6 p.m. to 9 p.m. Snow ends west to east. Temperatures fall into upper 20s, and wet/slushy areas turn icy.
On our winter storm impact scale, this event rates as a Category 2, or disruptive, event. Even though this snow may not amount to much or last long, its timing during the evening rush increases the potential to cause problems. Also, given the freezing temperatures spilling into the region behind the storm, which is not departing until Saturday, icy areas will develop and stick around if left untreated.
While delays and areas of difficult travel are likely Tuesday evening, we do not expect this event to cause the widespread gridlock on roads witnessed during the traumatic Jan. 26, 2011, or Jan. 20, 2016, p.m. rush hour snow events — in which some commuters were stranded for many hours. Five to 10 inches fell in the 2011 event — more than twice as much predicted for this one.
In the 2016 event, road and air temperatures in the 20s leading up to the snow and a lack of pre-treatment allowed very icy conditions to develop. Road and air temperatures will be substantially warmer this time around during the commuting period — mostly above freezing — although they will fall quickly as the snow pulls away.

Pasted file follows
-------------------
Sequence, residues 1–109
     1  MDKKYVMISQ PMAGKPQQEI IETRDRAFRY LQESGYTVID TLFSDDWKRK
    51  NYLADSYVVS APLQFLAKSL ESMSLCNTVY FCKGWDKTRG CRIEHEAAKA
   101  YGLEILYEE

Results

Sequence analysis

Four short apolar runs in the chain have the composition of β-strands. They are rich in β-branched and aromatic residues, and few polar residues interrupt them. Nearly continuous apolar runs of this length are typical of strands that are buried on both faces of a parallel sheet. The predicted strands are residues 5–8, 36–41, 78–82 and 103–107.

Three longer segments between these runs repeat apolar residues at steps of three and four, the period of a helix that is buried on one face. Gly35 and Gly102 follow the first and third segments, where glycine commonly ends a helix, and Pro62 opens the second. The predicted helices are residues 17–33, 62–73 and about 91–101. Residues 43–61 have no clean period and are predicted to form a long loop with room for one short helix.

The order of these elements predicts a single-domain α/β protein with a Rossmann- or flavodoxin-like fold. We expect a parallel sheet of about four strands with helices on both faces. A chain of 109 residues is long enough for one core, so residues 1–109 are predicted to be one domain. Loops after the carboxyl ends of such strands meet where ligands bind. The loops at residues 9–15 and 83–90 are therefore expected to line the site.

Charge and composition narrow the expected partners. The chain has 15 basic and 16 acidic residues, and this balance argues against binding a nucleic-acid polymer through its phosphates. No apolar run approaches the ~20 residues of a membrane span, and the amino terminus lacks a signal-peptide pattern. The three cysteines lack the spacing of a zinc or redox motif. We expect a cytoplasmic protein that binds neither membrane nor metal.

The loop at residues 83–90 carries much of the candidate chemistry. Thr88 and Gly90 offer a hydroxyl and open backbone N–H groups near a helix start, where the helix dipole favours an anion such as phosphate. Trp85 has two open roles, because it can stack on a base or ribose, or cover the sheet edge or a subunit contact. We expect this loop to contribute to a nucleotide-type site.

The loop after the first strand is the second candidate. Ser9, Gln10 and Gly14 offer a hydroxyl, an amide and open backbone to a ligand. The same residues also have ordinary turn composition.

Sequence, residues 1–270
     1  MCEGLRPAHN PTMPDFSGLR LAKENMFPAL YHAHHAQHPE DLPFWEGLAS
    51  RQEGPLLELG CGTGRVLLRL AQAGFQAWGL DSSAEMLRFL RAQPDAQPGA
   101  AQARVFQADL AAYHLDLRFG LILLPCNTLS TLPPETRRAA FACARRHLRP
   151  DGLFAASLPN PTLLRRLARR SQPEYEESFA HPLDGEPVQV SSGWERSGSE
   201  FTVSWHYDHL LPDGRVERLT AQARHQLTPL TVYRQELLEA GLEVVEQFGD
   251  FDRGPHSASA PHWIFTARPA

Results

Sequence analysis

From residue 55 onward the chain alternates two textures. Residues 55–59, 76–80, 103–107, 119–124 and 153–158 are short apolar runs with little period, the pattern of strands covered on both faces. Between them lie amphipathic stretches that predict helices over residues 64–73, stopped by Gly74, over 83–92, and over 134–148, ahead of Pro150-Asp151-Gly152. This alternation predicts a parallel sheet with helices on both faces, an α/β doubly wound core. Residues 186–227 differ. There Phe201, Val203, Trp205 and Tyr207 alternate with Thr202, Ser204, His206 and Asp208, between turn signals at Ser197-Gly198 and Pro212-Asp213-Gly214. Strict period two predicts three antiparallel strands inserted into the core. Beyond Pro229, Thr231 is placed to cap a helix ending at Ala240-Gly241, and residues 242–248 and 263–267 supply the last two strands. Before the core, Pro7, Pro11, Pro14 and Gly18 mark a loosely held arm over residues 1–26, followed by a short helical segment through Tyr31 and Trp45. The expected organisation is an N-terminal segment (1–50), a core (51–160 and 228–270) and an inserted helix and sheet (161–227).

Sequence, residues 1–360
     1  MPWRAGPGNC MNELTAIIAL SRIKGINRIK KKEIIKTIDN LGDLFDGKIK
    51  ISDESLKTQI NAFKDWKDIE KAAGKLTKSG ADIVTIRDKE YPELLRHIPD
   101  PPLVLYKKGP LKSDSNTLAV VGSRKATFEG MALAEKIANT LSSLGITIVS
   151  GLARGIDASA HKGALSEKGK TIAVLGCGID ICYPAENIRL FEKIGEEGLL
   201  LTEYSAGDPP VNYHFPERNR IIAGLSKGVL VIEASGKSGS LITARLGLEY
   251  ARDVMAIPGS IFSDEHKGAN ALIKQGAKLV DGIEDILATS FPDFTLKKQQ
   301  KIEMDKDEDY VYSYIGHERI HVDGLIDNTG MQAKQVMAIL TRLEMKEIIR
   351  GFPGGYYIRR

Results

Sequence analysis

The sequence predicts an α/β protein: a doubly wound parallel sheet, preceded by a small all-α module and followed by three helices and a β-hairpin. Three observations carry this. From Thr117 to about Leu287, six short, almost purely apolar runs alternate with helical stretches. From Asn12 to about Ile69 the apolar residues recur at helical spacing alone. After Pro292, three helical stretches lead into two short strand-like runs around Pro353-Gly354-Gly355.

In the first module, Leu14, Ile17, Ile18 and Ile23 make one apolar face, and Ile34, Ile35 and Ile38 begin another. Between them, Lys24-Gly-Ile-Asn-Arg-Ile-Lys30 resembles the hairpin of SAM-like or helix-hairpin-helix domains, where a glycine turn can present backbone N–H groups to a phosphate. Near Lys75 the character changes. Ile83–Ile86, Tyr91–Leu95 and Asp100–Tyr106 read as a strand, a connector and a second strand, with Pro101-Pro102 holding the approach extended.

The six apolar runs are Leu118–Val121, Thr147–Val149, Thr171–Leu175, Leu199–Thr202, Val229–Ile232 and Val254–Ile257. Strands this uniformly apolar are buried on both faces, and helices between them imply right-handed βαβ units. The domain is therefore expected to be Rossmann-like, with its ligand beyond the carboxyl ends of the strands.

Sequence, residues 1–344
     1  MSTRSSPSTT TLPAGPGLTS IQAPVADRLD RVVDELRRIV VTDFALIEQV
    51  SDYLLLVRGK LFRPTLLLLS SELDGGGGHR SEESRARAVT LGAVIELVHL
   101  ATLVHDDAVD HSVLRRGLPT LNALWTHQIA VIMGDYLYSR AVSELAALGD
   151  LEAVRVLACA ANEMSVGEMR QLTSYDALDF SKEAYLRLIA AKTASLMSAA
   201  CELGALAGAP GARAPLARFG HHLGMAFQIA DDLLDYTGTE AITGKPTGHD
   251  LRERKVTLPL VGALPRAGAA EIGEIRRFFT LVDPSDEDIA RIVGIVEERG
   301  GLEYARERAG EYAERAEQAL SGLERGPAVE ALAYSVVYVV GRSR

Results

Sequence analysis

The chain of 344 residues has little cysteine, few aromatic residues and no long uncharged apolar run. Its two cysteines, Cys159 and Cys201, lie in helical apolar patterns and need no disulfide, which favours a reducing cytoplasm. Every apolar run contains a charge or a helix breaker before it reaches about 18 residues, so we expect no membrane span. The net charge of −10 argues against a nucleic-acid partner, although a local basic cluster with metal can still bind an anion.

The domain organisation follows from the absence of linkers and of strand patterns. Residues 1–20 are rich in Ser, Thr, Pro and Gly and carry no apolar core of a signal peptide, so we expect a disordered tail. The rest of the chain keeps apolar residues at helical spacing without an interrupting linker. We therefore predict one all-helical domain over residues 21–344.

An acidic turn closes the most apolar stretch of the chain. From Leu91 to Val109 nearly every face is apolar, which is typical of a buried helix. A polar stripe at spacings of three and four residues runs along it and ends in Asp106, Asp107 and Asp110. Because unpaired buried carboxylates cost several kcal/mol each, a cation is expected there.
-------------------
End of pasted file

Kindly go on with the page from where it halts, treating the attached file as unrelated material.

Model snow amounts
Predicted snow amounts from the models are generally in the range of one to two inches in Washington, but some show two to four inches just north and northeast of Washington. But, as temperatures will be above freezing while snow is falling, these amounts may be a bit higher than what actually falls as some flakes melt rather than stick. Here are the projected amounts for Washington:
- HRRR model: Around an inch.
- High-resolution NAM: 1.5 inches.
- NAM model: 1.5 inches.
- GFS model: Around an inch.
- European: 1.5 inches.
- High-resolution Canadian: Coating.
- Canadian: Around an inch.
The National Weather Service’s forecast of two to three inches right around Washington is a bit higher than the consensus of current models, but we agree these amounts are reasonable to the north and east.